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Inside the Air Force’s Laser Lab

by jason on December 22, 2005

I love the bit in Bond films where 007 goes round Qs laboratory checking out the latest top-secret gadgets. Thats why I enjoyed talking to Capt.Wegner and his colleagues at ScorpWorks, source of a variety of laser weapons and other one-of-a-kind devices.
ACCM.jpgThe ScorpWorks is the Air Force Research Laboratorys in-house development team for laser system prototypes. Although it has existed since 1992, they have shunned publicity until this year. A laser weapon does not need to convert the target into smoking rubble: they are much more versatile than that.
The Laser AirCraft CounterMeasures (ACCM), which I detail in this week’s New Scientist, is a nonlethal coaxial laser that sits alongside a helicopter door gun. It dazzles the target, preventing them from firing accurately and providing protection for the helicopter, but without risking civilian casualties.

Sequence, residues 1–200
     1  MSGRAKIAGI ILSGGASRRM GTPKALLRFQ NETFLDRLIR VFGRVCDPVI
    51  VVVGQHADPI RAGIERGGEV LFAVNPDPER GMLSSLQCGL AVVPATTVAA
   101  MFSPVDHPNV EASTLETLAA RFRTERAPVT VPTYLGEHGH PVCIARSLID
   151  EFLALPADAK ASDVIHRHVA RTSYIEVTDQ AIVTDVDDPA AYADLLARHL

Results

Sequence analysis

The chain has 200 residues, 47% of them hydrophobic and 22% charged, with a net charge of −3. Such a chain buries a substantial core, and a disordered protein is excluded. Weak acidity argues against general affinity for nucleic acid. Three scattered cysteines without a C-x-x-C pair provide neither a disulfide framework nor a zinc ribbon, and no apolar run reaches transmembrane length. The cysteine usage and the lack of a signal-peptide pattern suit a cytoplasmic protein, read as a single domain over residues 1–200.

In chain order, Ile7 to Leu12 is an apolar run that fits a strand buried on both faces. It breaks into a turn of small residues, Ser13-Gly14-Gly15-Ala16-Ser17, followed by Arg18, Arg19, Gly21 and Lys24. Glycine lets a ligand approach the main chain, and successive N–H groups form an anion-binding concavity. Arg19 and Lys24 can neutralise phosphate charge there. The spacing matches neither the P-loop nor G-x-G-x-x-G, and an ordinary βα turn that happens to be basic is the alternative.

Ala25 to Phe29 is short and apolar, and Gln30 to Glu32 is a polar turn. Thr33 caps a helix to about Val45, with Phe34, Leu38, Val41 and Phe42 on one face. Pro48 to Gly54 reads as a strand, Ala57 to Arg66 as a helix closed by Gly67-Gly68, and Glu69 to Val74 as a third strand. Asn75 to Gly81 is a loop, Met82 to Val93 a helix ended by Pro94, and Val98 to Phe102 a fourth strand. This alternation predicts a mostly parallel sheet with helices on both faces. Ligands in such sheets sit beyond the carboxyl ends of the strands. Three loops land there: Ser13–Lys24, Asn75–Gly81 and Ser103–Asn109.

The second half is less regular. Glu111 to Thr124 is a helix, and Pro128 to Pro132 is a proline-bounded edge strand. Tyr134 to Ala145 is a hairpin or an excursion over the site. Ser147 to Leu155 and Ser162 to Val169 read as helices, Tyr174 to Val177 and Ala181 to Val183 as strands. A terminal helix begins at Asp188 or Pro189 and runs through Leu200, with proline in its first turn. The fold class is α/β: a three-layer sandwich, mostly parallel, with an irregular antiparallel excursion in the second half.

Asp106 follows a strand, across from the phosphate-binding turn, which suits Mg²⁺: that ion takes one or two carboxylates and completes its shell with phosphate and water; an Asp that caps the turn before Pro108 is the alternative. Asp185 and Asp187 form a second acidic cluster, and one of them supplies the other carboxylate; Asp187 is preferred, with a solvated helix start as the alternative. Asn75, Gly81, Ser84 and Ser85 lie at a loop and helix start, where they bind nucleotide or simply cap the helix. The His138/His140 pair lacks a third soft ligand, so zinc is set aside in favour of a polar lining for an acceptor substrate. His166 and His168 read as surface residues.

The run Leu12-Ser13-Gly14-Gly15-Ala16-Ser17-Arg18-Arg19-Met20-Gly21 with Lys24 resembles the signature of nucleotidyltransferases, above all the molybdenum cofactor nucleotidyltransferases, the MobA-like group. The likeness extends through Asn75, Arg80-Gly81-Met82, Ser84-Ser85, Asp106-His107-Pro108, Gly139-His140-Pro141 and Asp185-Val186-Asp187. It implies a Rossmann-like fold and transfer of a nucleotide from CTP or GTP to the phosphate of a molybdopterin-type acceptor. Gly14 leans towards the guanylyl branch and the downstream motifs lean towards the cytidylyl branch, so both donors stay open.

Its more than a dazzler. Experience with the Saber 203 laser dazzler in Somalia showed that it was too low-powered to affect vision, but anyone illuminated beat a hasty retreat as they knew a weapon was being aimed at them. The ACCM should have a similar effect, scattering potential threats on the ground and leaving only the truly dangerous ones — and the 4,000 rpm minigun should deal with them.
The PHaSR laser-dazzling rifle unveiled a few weeks ago is similar (and not a hoax). In a riot-control situation, the idea is that lighting people up with this portable laser will separate peaceful protesters from the stone-throwers. The PhaSRs dual-wavelength laser will also make countermeasures difficult, and Capt. Wegner points out that the end product will probably be very different to the bulky prototype.